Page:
July 24, 2017

Starting July 19, TEPCO began a multi-day robotic exploration of the Unit 3 reactor at Fukushima Daiichi, with the aim of determining conditions inside the Primary Containment Vessel including pedestal area.
The inspection is part of a long-term effort at all three of the Fukushima Daiichi reactors that experienced meltdowns during the March 2011 accident, to gain a complete picture of conditions in preparation for the eventual removal of fuel debris.
Prior photographic inspection of the Unit 3 reactor suggests that, during the accident, fuel assemblies melted from the excess heat, dropping from their original position down to the pedestal area. In this process, it is believed the pedestal area may have experienced some damage, and the robot will attempt to acquire images and data to provide a better understanding of those conditions.
The schedule for the effort, which is subject to modification depending on what is found, calls for photographs to be taken on the first day and reviewed on the second. Then, depending on what is found, the robot will be used again to focus on areas of particular interest.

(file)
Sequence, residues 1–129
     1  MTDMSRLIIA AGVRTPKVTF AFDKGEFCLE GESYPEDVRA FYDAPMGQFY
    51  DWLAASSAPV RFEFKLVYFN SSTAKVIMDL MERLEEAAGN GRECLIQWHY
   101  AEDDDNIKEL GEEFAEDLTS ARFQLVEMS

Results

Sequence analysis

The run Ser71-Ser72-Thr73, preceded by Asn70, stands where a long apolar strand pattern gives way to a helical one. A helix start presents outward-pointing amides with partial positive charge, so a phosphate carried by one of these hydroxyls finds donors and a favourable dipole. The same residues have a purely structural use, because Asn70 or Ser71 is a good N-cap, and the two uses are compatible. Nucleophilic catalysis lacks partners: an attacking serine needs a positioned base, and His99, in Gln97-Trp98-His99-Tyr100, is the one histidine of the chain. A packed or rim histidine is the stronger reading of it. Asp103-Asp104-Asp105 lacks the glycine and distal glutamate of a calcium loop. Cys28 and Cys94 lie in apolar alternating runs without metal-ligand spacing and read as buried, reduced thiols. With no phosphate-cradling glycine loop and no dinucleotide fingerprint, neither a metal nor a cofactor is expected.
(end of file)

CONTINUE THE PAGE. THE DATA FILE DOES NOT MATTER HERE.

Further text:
The robot has been inserted into the PCV through a pipe that is designed to protect against the escape of any radioactive gas from the reactor. No radiation impact has been occurred to the surrounding environment and no significant changes have been observed at the monitoring posts and dust monitors after the investigation on July 19, compared to the before. Once inside the PCV, the robot is designed to navigate underwater – a necessity as cooling water has accumulated in the PCV since the time of the accident. The robot is equipped with thrusters to move it in different directions through the water, and with front and rear cameras. It was developed by IRID, the International Research Institute for Nuclear Decommissioning.  (Source: Tepco)